500,000 bpd from January is not the nightmare scenario that the market feared, but it is not what was really expected weeks ago,” said Rystad Energy senior oil markets analyst Paola Rodriguez Masiu. “Markets are now reacting positively and prices are recording a small increase as 500,000 of extra supply is not deadly for balances,” she added.

Investors King increased business sentiment in the energy sector to boost investment, increase activity in the sector and most important improve crude oil demand enough to accommodate the 500,000 barrels per day extra that would be hitting the global market starting from January.

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Communities in Delta State Shut OML30 Operates by Heritage Energy Operational Services Ltd

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Oil

The OML30 operated by Heritage Energy Operational Services Limited in Delta State has been shut down by the host communities for failing to meet its obligations to the 112 host communities.

The host communities, led by its Management Committee/President Generals, had accused the company of gross indifference and failure in its obligations to the host communities despite several meetings and calls to ensure a peaceful resolution.

The station with a production capacity of 80,000 barrels per day and eight flow stations operates within the Ughelli area of Delta State.

The host communities specifically accused HEOSL of failure to pay the GMOU fund for the last two years despite mediation by the Delta State Government on May 18, 2020.

Also, the host communities accused HEOSL of ‘total stoppage of scholarship award and payment to host communities since 2016’.

The Chairman, Dr Harrison Oboghor and Secretary, Mr Ibuje Joseph that led the OML30 host communities explained to journalists on Monday that the host communities had resolved not to backpedal until all their demands were met.

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Crude Oil Recovers from 4 Percent Decline as Joe Biden Wins

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Oil Prices Recover from 4 Percent Decline as Joe Biden Wins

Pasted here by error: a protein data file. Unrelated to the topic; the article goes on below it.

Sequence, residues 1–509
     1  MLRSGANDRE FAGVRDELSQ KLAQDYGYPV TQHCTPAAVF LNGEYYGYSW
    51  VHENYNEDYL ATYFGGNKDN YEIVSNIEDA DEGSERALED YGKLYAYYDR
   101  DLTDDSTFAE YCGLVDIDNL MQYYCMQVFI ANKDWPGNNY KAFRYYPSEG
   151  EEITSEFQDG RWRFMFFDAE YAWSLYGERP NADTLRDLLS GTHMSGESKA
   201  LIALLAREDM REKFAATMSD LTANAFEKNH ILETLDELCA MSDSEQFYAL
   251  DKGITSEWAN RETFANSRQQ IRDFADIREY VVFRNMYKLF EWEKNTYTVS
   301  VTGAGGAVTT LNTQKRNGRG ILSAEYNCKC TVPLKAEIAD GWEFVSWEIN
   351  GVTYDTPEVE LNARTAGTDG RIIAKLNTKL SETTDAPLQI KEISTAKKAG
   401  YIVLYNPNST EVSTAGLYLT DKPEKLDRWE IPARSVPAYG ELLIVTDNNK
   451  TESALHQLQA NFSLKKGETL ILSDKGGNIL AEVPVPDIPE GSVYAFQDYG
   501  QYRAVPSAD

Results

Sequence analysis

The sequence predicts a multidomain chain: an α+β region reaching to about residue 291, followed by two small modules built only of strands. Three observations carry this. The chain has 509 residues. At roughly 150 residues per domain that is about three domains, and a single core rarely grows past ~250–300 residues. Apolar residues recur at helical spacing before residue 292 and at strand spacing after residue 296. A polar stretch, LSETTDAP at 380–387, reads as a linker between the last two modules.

Crude oil prices rose with other financial markets on Monday following a 4 percent decline on Friday.

This was after Joe Biden, the former Vice-President and now the President-elect won the race to the White House.

Global benchmark oil, Brent crude oil, gained $1.06 or 2.7 percent to $40.51 per barrel on Monday while the U.S West Texas Intermediate crude oil gained $1.07 or 2.9 percent to $38.21 per barrel.

On Friday, Brent crude oil declined by 4 percent as global uncertainty surged amid unclear US election and a series of negative comments from President Trump. However, on Saturday when it became clear that Joe Biden has won, global financial markets rebounded in anticipation of additional stimulus given Biden’s position on economic growth and recovery.

Trading this morning has a risk-on flavor, reflecting increasing confidence that Joe Biden will occupy the White House, but the Republican Party will retain control of the Senate,” Michael McCarthy, chief market strategist at CMC Markets in Sydney.

“The outcome is ideal from a market point of view. Neither party controls the Congress, so both trade wars and higher taxes are largely off the agenda.”

The president-elect and his team are now working on mitigating the risk of COVID-19, grow the world’s largest economy by protecting small businesses and the middle class that is the backbone of the American economy.

There will be some repercussions further down the road,” said OCBC’s economist Howie Lee, raising the possibility of lockdowns in the United States under Biden.

“Either you’re crimping energy demand or consumption behavior.”